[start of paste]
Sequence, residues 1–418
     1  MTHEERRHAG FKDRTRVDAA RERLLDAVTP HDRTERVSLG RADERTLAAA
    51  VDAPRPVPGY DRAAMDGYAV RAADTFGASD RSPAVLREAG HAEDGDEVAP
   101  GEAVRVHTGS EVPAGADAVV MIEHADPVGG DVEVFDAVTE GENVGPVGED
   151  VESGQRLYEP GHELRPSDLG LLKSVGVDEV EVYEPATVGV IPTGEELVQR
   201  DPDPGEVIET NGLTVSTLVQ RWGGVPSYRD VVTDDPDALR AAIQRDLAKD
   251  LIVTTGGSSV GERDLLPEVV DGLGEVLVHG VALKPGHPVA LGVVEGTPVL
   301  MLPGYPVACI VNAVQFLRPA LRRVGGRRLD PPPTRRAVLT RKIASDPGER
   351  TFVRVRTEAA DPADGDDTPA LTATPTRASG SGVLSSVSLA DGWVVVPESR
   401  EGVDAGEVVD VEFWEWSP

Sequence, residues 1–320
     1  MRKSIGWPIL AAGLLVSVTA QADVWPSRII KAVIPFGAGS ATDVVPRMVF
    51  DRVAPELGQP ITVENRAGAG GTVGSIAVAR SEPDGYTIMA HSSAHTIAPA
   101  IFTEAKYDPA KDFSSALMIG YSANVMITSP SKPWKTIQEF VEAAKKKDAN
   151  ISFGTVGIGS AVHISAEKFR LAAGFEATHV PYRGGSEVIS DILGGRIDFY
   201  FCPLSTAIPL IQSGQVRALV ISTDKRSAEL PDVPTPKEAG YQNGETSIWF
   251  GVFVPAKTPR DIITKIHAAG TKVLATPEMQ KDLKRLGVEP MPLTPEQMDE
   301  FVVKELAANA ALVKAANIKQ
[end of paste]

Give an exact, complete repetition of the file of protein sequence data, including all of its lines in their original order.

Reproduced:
Sequence, residues 1–418
     1  MTHEERRHAG FKDRTRVDAA RERLLDAVTP HDRTERVSLG RADERTLAAA
    51  VDAPRPVPGY DRAAMDGYAV RAADTFGASD RSPAVLREAG HAEDGDEVAP
   101  GEAVRVHTGS EVPAGADAVV MIEHADPVGG DVEVFDAVTE GENVGPVGED
   151  VESGQRLYEP GHELRPSDLG LLKSVGVDEV EVYEPATVGV IPTGEELVQR
   201  DPDPGEVIET NGLTVSTLVQ RWGGVPSYRD VVTDDPDALR AAIQRDLAKD
   251  LIVTTGGSSV GERDLLPEVV DGLGEVLVHG VALKPGHPVA LGVVEGTPVL
   301  MLPGYPVACI VNAVQFLRPA LRRVGGRRLD PPPTRRAVLT RKIASDPGER
   351  TFVRVRTEAA DPADGDDTPA LTATPTRASG SGVLSSVSLA DGWVVVPESR
   401  EGVDAGEVVD VEFWEWSP

Sequence, residues 1–320
     1  MRKSIGWPIL AAGLLVSVTA QADVWPSRII KAVIPFGAGS ATDVVPRMVF
    51  DRVAPELGQP ITVENRAGAG GTVGSIAVAR SEPDGYTIMA HSSAHTIAPA
   101  IFTEAKYDPA KDFSSALMIG YSANVMITSP SKPWKTIQEF VEAAKKKDAN
   151  ISFGTVGIGS AVHISAEKFR LAAGFEATHV PYRGGSEVIS DILGGRIDFY
   201  FCPLSTAIPL IQSGQVRALV ISTDKRSAEL PDVPTPKEAG YQNGETSIWF
   251  GVFVPAKTPR DIITKIHAAG TKVLATPEMQ KDLKRLGVEP MPLTPEQMDE
   301  FVVKELAANA ALVKAANIKQ